Individual Musicianship Hire (totaling 40 - 50 members; detailing amount of themes to perform, how many rehearsals, and final performance) = $250,000 - $300,000 (for purpose, we'll compromise at $275,000)
Once again, your estimate is totally ridiculous. The pieces could range from a couple players to 50 or maybe 65 if you wanted a bigger sound. There are no rehearsals, they go into the studio, sight read, and record. You'd probably need 3 - 4 days. We're talking $100,000 to $200,000 including the studio.
This depends what they get in the deal, and how many individual musicians are hired. But on the most occasions, they will just sight-read. You'd certainly need more than 3-4 days to record over 108 (potentially nearly 200) tracks. You're probably looking at recording about 15 - 20 themes per day (though, even with a large orchestra, you'd be lucky to get that much done in one day. Also, depending on the composers, a track could be recorded up to 3 or more times before considering moving on to the next piece, which takes an awful long time; maybe even 30 - 45 minutes per piece). This was also taking in the assumption that many themes were orchestral.
Recording studio and mastering sessions (including a minimum of 2 weeks inside the studio, and a large size to fit the instruments and the performers) = $150,000 - $200,000 (for purpose, we'll compromise at $175,000)
Christ, where are you pulling these from? Mixing studios cost about $1000 a day. And once again you'll need 3 - 4 days.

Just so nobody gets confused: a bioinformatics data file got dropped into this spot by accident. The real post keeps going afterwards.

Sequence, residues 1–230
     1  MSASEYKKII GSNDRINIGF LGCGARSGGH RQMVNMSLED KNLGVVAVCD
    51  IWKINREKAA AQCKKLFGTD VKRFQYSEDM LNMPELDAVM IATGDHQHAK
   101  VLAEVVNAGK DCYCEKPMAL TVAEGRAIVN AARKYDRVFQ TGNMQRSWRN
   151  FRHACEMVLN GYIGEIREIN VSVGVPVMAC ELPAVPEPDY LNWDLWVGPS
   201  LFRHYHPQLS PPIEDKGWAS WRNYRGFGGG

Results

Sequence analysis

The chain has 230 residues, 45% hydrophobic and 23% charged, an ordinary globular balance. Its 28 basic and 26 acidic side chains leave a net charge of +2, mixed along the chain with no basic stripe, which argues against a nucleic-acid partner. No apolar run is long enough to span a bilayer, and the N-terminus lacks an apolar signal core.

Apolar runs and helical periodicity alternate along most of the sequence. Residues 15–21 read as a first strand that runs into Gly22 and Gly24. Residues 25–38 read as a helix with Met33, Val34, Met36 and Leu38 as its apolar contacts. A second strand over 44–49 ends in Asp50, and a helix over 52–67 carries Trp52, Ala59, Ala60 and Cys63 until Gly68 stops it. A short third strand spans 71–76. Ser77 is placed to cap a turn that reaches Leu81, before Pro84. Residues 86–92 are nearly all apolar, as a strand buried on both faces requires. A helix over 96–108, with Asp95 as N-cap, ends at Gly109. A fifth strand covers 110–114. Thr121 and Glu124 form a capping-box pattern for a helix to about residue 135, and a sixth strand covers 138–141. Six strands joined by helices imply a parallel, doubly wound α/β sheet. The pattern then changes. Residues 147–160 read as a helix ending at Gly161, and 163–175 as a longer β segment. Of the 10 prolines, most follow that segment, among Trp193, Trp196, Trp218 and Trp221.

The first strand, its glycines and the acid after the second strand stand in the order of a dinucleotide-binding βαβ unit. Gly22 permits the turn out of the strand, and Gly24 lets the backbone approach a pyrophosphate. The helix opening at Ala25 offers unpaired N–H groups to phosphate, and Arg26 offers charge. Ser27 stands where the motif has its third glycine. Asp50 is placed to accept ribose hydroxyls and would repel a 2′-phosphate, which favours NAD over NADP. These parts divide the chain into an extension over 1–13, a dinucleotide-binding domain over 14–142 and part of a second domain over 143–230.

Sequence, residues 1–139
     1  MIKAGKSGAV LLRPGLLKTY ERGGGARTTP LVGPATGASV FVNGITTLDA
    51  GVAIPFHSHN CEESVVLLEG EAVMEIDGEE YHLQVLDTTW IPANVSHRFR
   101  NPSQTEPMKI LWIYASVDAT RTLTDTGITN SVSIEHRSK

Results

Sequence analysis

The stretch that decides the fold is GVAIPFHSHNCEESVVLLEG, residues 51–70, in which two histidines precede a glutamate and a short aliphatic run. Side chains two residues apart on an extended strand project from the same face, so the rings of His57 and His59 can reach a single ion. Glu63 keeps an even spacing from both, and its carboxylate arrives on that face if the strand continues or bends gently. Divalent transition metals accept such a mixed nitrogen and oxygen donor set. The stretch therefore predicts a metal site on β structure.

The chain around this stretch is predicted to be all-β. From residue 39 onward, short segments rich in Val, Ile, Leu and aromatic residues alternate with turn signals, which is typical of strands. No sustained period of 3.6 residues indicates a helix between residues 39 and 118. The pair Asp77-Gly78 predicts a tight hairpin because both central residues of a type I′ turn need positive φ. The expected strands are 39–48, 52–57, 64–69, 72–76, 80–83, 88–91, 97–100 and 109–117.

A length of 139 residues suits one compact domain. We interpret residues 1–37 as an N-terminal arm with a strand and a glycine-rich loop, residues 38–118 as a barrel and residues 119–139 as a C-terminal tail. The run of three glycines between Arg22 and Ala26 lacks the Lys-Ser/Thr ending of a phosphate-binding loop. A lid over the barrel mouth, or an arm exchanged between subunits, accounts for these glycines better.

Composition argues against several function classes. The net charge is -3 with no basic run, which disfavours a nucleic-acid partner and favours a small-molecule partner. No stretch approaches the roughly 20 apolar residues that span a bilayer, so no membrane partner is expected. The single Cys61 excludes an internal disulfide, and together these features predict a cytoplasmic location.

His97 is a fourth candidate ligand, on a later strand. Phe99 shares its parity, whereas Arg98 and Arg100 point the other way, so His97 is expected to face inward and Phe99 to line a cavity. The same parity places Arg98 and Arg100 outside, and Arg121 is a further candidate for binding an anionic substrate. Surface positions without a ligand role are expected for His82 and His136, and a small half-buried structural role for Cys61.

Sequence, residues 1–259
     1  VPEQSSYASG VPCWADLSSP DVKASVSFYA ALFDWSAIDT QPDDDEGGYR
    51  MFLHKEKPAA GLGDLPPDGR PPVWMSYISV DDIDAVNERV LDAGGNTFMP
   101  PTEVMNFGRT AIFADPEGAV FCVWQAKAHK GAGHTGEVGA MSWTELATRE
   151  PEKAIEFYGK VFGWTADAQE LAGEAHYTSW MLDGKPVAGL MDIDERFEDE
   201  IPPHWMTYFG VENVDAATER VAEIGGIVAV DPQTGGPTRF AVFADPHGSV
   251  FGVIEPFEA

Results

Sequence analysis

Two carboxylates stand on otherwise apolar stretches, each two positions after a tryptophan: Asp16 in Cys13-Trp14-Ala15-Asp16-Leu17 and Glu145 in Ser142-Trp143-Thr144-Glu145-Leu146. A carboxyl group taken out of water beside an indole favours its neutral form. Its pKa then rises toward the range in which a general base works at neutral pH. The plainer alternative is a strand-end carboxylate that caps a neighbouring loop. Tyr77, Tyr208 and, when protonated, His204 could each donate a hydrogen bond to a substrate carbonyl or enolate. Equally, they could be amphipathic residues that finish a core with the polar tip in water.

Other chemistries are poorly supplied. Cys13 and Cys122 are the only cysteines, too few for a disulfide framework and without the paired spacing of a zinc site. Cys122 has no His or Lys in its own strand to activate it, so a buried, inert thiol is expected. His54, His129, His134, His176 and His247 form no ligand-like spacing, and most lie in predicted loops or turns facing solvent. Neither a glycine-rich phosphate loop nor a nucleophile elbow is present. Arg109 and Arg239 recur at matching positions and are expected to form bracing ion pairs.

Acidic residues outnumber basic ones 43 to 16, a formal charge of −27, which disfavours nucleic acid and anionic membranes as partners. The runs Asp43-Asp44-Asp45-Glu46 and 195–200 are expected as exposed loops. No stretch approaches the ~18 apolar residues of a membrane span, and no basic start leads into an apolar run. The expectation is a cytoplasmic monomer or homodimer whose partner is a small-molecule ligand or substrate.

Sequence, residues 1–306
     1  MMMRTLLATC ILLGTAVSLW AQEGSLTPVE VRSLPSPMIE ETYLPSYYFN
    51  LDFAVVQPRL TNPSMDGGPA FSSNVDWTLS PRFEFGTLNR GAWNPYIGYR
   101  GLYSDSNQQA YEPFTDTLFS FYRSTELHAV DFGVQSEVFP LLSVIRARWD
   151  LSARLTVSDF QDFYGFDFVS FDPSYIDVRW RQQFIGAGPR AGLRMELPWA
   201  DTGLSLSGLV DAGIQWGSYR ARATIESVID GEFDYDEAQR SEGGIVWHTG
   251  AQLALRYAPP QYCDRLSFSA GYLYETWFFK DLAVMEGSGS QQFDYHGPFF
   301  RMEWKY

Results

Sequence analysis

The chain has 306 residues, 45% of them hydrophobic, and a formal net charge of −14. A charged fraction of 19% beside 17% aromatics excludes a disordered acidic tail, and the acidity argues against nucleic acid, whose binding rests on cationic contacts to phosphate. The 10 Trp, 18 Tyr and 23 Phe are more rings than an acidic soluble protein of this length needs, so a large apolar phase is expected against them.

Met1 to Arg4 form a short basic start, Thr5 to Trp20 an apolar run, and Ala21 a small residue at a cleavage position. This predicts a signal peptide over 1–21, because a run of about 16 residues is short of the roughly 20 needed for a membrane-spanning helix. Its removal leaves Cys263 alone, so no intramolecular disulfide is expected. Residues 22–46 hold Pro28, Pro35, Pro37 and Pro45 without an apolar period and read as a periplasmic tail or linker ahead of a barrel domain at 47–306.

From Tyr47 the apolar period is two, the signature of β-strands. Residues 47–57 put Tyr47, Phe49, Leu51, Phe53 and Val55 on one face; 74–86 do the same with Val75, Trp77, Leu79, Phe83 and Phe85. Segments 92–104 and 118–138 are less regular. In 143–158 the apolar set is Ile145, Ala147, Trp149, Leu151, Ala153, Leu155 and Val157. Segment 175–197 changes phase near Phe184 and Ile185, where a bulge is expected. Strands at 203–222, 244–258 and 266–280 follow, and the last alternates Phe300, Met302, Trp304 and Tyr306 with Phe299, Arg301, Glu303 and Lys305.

I know for fact that some of the best (and biggest) recording studios in Australia (and in the world) can cost nearly $8,000 - $10,000 a day (12 + hours), including mixing and mastering sessions (use of pro-tools and the like) in the studio. Multiply that by the potential amount of days that Nintendo would use it (probably about 8 - 12 for recording -- every track accounted for -- and 2 days for mastering, post-recording mixing), and that's how I got it. Again, since I haven't heard the music to Zelda or know what kind of studios Nintendo uses, I can only give an estimation of my experience. Keep in mind that there aren't as many studios that can take a full orchestra (a complete scoring stage is required. And by full, I mean 70 performers +) compared to reasonably small space that can only take a few performers (by few, 10 - 15 performers or less). Nintendo will NEED one of these studios, and they are certainly more expensive than you think. Also, again, be aware, we are talking about 108 + themes.